Sawdust billowed out of the living room as I fled. I had tossed a key to our contractor, asking him to lock up, then raced down the road to a spa where I hoped to find the calm that was seriously missing from my home. Osmosis, a Japanese-style retreat in Freestone, California, is a coveted destination for relaxation seekers from across the country; for me it's a 20-minute drive from home. Still, I was hoping my one-day visit would work the magic of a much longer stay and refresh my mind for my next round of remodeling decisions.
I soon sat drinking an infusion of yarrow, spearmint, nettles, red clover, and digestive enzymes in the spa's tea garden. Yet instead of settling into the Zen vibe, I found myself eyeing the construction of the spa's French doors and worrying that the replacement windows I had ordered were too small—and that the entire project would turn out to be less than perfect. I was suffering from second thoughts, and even the bonsai, whose funky hairdos and Lilliputian proportions would usually evoke an inner chuckle, couldn't distract me.
Fortunately, my bath attendant appeared and led me to a tub filled with sawdust—which looked remarkably like the mess I'd left at home. I climbed into a hollow in the shaving pile, and soon the attendant was shoveling the fibers over my legs, my belly, right up to my neck. There was none of that primordial ooze you get with a mud bath. The aromatic cedar, mixed with rice bran and more than 600 active plant enzymes imported from Japan, felt earthy and soft. I yielded to the shavings, which are supposed to ease joint pain, reduce tension, and improve circulation and digestion. There's no scientific evidence to back these claims, but I was in no position to demand data.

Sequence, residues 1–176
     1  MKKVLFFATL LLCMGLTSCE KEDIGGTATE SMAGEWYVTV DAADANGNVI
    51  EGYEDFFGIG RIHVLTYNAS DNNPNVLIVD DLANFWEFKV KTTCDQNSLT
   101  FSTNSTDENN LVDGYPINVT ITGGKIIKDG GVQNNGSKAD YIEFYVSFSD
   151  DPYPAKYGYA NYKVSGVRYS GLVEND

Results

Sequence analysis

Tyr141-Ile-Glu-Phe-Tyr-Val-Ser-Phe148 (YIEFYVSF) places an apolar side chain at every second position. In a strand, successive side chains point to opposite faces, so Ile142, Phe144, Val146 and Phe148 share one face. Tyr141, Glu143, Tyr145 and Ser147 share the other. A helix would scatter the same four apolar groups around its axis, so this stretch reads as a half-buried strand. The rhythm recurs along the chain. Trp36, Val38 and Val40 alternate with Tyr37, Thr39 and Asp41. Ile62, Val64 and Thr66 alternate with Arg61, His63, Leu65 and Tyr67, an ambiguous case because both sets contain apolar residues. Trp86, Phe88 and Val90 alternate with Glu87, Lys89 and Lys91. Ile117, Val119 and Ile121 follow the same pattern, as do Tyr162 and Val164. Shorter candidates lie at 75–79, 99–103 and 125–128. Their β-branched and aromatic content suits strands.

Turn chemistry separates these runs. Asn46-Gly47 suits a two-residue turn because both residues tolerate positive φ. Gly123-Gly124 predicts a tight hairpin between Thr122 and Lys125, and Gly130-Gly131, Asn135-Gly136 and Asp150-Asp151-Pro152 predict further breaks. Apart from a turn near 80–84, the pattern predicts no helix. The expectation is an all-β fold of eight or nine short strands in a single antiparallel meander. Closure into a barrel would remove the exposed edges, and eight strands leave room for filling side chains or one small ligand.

Soon I was tingling and sweating from head to toe, and aware of nothing but my body and the beauty of the bamboo growing outside the window.
The attendant reappeared and dabbed my face with an icy washcloth, wringing it out over my hairline. It was a sublime shock—like a bolt of frozen lightning electrifying my overheated scalp. The cold water seemed to penetrate my brain, washing away my worries and invigorating the core of my being. When, a few minutes later, she repeated the process and I felt the same head rush, I decided the combination of fire and ice must be some kind of holistic electroshock therapy and that I might need it every day.
After the bath I shook off the sawdust and showered. Although my inner remodeler was still assessing my surroundings, I had let go of my panic about trim choice. The bathroom decor at Osmosis was unassuming—modest fixtures, a laminate countertop, a vase of gladioli snipped from the landscape. It was utilitarian but soothing. As I relaxed into the space, I felt my mind let go of the "perfect" living room windows, the specs on ceiling height, and cushion depth.
I recalled a luxury spa where a friend had once treated me to a massage. The bathrooms had black granite vanities, and a single stray hair on the gleaming ebony surface ruined the fantasy I'd bought into. I felt as if even guests in this setting were supposed to be perfect, and it made me tense. The opulence had so turbocharged my expectations that I was disappointed with every less-than-perfect detail.
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